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“Ask-Me-Anything” Interview with Klaus Roth

Klaus Roth[1] is an emeritus professor at the Freie Universität Berlin where he studied chemistry from 1964 – 1969 and completed his dissertation in 1973. After a post-doctoral stay at the Institute for Medical Research in Mill Hill, London from 1979 – 1980, he completed his habilitation at the Freie Universität Berlin in 1981. Between 1986 – 1988, he held a position as a visiting professor at the University of California in San Francisco, after which he returned to his home university as an extraordinary professor and became a full professor in 2000. During his research career, he dealt with many aspects of NMR spectroscopy but also popular science.

Klaus Roth publishes regularly in “Chemie in unserer Zeit” about the significance of chemistry in everyday life. You can find some of his articles on On Nov. 28th, 2019 we invited him once again to have a talk at the university in Mainz about the chemistry of the hangover. For that occasion, students and researchers from our university were invited to send us questions from any kind of topic that we asked him together with the Young Chemists Form of Mainz in an “Ask-Me-Anything” interview. Here we present the “best-of” selection.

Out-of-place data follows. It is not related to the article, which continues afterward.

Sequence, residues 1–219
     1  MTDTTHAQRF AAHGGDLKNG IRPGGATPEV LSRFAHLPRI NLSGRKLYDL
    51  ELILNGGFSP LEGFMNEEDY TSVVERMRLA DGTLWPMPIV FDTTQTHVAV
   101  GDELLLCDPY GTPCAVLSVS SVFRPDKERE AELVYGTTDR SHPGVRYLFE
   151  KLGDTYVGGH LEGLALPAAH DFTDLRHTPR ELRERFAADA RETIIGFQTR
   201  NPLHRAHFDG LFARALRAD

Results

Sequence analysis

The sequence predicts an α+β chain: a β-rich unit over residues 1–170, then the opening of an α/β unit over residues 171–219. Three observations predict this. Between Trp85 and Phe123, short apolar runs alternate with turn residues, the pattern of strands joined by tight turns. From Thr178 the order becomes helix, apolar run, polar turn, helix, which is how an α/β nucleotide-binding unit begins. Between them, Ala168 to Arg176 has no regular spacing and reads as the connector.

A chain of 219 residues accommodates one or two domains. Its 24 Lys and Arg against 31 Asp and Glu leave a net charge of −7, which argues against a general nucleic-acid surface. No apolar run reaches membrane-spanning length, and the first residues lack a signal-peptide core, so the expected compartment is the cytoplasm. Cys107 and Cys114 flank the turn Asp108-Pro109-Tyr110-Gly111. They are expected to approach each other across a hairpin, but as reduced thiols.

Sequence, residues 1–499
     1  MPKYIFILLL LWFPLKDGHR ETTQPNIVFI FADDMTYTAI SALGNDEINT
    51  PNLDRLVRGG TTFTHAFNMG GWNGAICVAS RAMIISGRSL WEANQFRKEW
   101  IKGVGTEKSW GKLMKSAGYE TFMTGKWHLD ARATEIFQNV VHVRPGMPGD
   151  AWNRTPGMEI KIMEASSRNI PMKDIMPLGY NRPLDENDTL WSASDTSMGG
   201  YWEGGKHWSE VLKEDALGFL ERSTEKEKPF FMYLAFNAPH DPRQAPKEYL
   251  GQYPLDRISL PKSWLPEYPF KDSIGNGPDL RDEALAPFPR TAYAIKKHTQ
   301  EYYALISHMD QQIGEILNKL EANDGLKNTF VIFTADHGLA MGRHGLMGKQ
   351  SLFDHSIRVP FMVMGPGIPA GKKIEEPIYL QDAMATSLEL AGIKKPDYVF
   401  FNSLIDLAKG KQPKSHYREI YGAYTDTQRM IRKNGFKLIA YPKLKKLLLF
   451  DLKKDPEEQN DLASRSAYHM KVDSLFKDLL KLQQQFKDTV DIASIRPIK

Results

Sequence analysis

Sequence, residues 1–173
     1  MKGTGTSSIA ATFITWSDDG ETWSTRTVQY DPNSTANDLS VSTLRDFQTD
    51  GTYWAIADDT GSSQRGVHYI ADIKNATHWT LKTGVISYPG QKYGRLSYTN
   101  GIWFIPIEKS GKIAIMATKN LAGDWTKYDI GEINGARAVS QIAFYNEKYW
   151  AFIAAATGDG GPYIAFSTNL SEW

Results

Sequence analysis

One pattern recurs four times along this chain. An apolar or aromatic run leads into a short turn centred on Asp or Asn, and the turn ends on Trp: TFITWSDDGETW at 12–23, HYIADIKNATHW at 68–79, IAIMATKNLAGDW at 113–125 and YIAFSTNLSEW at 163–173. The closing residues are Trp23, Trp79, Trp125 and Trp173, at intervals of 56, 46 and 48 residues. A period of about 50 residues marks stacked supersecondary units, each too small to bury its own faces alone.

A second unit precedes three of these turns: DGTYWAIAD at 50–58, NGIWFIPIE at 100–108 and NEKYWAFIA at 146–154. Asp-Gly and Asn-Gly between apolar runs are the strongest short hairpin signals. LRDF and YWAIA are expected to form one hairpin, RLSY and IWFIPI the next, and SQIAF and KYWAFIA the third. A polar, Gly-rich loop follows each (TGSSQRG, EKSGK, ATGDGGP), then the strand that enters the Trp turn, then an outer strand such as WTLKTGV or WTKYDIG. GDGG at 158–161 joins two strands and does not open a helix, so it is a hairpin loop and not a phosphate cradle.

JUnQ: Which value has symmetry in your life?

Klaus Roth: Some say symmetry is the mathematical form of beauty. But I counter with a saying from northern Germany “Beten scheef hett Gott leev!” which means “God likes it a little crooked”. A little asymmetry can be charming. Of course, as an organic chemist, I had to deal with chirality and optical activity a lot.

JUnQ: What is your favorite molecule?

Klaus Roth: My favorite molecule is a chelate complex with an organic ligand, DTPA (diethylenetriaminepentaacetic acid), and a gadolinium center. It is used in nuclear resonance imagining as a contrast agent. It is not toxic and is injected intravenously in an amount of up to two grams. I have been involved in developments on this topic during my stay in San Francisco and together with the Schering AG.

JUnQ: Which historic moment in science would you like to have witnessed or even have been involved with?